CBOE Volatility Index, or VIX, exchange traded funds track the futures and suffer when the market is stuck in contango. However, inverse VIX ETFs are capitalizing on the phenomenon, steadily strengthening on the quirk in the markets.
For example, the bearish or inverse VIX ETF, the REX VolMAXX Inverse VIX Weekly Futures Strategy ETF (BATS: VMIN), has achieved a total return of 81.04% from its launch on May 2, 2016 through December 31, 2016. In contrast, the VIX performance over the same period was -3.95%.
VMIN capitalized on rolling short VIX futures contracts, according to REX Shares.
“Taking short VIX positions via ETFs is continuing to grow in popularity,” Greg King, founder and CEO of REX Shares, said in a note. “Many people think of volatility funds as having a significant decay in price. While this is generally true of long volatility funds, VMIN takes the other side of that exposure, potentially benefiting from such decay as it accrues in exchange for bearing the risks associated with spikes in volatility. Investors we speak to are often looking to buy the dips in short volatility ETFs as a way to play volatility spikes.”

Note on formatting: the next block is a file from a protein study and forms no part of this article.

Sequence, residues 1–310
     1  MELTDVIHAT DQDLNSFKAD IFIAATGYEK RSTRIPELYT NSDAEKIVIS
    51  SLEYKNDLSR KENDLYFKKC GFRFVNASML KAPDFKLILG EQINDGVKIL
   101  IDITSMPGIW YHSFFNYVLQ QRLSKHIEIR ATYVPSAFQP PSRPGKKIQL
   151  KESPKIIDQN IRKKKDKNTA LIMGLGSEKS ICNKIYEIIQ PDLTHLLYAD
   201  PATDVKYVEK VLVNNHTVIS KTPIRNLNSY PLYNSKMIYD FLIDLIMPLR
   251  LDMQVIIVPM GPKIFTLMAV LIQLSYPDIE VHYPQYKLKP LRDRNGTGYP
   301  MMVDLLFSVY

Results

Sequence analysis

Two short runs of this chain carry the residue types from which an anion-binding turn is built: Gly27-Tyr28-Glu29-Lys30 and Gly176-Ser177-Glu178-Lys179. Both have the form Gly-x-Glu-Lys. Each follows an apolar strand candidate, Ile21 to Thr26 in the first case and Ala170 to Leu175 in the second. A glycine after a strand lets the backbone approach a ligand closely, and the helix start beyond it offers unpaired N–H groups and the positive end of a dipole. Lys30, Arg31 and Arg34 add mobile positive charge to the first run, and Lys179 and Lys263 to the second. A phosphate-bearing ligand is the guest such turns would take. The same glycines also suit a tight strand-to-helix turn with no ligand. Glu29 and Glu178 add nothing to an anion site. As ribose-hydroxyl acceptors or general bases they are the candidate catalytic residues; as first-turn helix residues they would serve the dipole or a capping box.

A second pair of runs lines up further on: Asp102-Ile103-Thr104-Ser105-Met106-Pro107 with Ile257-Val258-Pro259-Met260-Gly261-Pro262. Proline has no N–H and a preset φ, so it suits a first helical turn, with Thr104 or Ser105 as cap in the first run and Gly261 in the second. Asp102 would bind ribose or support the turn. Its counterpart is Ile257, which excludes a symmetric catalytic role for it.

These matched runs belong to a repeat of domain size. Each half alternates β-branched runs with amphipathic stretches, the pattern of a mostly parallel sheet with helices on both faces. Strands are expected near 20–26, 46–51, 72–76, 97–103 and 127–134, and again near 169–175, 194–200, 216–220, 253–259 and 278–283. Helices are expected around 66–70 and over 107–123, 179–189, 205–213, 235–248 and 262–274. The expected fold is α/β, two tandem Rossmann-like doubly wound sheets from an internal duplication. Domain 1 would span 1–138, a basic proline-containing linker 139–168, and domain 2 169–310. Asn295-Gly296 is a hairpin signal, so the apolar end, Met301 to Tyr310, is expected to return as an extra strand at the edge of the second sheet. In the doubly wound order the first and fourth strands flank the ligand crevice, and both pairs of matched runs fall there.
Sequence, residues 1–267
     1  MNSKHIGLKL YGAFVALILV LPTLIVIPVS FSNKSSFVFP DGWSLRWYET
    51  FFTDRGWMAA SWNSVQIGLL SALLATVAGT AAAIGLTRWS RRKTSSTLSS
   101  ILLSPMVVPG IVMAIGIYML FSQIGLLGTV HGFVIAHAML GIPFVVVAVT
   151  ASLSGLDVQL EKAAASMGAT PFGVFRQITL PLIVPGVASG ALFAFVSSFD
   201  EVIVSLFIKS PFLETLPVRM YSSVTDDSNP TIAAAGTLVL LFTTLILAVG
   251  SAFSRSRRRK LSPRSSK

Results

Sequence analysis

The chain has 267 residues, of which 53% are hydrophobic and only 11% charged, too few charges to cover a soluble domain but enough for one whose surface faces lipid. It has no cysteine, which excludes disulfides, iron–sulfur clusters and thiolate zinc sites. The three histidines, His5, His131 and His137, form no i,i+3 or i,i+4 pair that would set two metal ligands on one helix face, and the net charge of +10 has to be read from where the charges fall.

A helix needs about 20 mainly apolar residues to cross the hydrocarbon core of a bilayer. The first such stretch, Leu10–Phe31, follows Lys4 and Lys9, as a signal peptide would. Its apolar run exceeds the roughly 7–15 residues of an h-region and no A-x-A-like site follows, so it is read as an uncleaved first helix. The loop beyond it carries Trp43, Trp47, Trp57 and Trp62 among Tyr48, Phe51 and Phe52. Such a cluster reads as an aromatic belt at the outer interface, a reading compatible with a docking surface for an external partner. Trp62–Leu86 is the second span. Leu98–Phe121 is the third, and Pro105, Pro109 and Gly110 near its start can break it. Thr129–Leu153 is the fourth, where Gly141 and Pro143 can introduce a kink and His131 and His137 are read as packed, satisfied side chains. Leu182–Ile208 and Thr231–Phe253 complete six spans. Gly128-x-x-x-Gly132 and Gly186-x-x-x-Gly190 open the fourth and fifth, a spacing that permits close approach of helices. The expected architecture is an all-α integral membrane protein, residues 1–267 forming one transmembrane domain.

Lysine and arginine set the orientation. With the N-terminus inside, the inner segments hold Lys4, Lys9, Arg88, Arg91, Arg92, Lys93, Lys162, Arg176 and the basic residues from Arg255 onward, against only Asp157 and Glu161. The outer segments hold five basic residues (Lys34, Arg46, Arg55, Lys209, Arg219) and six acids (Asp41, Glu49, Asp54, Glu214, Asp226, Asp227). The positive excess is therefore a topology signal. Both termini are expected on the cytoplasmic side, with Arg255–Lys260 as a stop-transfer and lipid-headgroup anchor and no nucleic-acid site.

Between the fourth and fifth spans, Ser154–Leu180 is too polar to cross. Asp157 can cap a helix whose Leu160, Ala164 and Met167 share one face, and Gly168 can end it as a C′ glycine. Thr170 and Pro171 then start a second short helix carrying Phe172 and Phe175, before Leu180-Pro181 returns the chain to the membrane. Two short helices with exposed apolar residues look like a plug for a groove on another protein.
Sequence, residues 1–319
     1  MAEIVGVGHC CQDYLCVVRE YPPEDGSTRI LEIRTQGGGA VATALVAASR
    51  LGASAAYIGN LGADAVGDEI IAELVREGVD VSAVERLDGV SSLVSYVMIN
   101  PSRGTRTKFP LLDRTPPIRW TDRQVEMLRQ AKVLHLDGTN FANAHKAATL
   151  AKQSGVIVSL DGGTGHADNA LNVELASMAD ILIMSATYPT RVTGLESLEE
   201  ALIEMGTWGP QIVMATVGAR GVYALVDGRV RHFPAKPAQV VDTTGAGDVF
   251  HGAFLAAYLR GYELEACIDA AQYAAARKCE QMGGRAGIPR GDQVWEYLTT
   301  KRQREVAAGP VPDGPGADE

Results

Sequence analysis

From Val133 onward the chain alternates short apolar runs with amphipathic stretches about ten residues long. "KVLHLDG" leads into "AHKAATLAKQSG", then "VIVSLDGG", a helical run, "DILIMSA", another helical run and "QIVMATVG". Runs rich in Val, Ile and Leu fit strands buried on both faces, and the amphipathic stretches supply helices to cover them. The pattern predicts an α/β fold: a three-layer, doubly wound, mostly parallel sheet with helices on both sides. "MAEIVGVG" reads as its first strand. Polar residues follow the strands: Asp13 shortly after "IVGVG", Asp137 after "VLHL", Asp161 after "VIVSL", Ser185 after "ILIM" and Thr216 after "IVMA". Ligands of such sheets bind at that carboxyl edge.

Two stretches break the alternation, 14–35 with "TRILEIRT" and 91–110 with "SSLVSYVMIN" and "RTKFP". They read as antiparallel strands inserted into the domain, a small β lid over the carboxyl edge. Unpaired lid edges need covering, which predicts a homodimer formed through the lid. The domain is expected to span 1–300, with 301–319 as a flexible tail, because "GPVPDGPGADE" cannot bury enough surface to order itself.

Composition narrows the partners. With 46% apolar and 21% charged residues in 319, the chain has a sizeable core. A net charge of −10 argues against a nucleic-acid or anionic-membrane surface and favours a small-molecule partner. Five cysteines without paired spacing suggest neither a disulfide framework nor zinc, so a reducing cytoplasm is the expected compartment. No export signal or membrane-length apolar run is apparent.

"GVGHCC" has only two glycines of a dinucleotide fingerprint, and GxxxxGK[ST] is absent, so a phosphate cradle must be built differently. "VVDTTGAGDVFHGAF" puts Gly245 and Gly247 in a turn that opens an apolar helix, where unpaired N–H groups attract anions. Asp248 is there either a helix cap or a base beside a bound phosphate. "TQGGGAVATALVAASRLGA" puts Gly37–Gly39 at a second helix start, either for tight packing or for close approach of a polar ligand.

REX Shares has two VIX-related ETFs, the REX VolMAXX Long VIX Weekly Futures Strategy ETF (BATS: VMAX) and the REX VolMAXX Inverse VIX Weekly Futures Strategy ETF (BATS: VMIN). The two funds provide VIX up and down movements, respectively. The VolMAXX funds have a target weighted average time to expiration of less than 30 days by accessing VIX weekly futures, unlike other ETP options that utilize monthly contracts.